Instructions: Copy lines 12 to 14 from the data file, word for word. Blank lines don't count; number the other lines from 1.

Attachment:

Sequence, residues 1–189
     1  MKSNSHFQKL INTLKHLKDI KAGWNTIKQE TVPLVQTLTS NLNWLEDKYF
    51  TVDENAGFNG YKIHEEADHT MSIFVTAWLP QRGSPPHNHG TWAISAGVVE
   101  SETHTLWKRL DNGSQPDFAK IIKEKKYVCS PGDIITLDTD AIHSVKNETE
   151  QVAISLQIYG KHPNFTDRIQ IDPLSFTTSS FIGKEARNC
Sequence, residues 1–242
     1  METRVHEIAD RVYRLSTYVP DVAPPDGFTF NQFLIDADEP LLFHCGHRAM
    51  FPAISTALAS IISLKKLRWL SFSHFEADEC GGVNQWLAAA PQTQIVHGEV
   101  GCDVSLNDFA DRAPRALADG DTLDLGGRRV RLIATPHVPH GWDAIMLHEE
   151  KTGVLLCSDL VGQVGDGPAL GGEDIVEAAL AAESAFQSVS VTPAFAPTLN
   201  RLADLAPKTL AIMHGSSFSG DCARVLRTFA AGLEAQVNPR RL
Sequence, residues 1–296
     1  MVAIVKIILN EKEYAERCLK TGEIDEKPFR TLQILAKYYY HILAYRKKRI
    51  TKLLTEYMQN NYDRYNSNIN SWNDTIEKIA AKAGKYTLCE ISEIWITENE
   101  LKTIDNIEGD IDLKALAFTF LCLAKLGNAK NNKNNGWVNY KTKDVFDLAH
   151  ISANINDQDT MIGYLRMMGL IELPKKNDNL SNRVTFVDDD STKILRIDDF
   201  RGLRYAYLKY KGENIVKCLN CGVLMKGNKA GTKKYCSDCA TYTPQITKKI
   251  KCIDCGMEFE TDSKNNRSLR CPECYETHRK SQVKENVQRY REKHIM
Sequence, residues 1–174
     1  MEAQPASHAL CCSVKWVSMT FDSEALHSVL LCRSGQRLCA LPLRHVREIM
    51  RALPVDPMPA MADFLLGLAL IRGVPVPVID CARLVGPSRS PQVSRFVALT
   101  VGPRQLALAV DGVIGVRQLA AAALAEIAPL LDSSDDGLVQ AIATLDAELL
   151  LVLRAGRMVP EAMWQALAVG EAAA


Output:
Sequence, residues 1–296
     1  MVAIVKIILN EKEYAERCLK TGEIDEKPFR TLQILAKYYY HILAYRKKRI
    51  TKLLTEYMQN NYDRYNSNIN SWNDTIEKIA AKAGKYTLCE ISEIWITENE